In November 2009, we wrote about a Baltimore, MD, ordinance requiring crisis pregnancy centers to provide a disclaimer to potential customers stating the services provided at the center as well as services the center did not provide, such as abortion care.
Yesterday, the Women’s Health Policy Report reported that a federal court has ruled that the ordinance is unconstitutional. The Roman Catholic Archdiocese of Baltimore and the Greater Baltimore Center for Pregnancy Concerns challenged the ordinance, claiming that it violated the freedom of speech clause in the First Amendment. The court wrote:
“Whether a provider of pregnancy-related services is ‘pro-life’ or ‘pro-choice,’ it is for the provider — not the government — to decide when and how to discuss abortion and birth-control method. The government cannot, consistent with the First Amendment, require a ‘pro-life’ pregnancy-related service center to post a sign.”
The Center for Reproductive Rights and City of Baltimore are expected to appeal this decision.
The National Abortion Federation reports that it’s common for lawsuits to be brought against CPCs. Various attorneys have been successful in challenging these centers’ use of public funding under the First Amendment’s establishment of separation between church and state. In some states, attorneys have been victorious in changing the deceptive names of CPCs. Several states have almost identical laws to the Baltimore Ordinance.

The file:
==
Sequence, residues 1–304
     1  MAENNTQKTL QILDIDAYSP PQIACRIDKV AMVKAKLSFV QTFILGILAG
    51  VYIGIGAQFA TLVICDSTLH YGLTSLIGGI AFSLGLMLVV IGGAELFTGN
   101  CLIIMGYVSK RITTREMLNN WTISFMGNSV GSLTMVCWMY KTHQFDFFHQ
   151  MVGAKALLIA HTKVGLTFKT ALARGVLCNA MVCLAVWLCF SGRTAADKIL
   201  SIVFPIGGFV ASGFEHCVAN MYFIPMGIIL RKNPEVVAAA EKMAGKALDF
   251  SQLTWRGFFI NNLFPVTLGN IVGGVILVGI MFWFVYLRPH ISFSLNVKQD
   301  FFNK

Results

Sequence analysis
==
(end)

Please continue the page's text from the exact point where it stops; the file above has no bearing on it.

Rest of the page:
In 1998, NAF’s Family Research Report showed that women faced with unwanted pregnancies often looked in the yellow pages for phrases and words like ‘clinic,’ ‘women’s center,’ and ‘medical,’ all words which CPCs use in advertisements. This ruling against the Baltimore Ordinance provides a setback to women’s rights to obtain truthful information about CPC services and ultimately condones CPCs’ tactics of harassing, bullying, and giving blatantly false information to women facing unplanned pregnancies.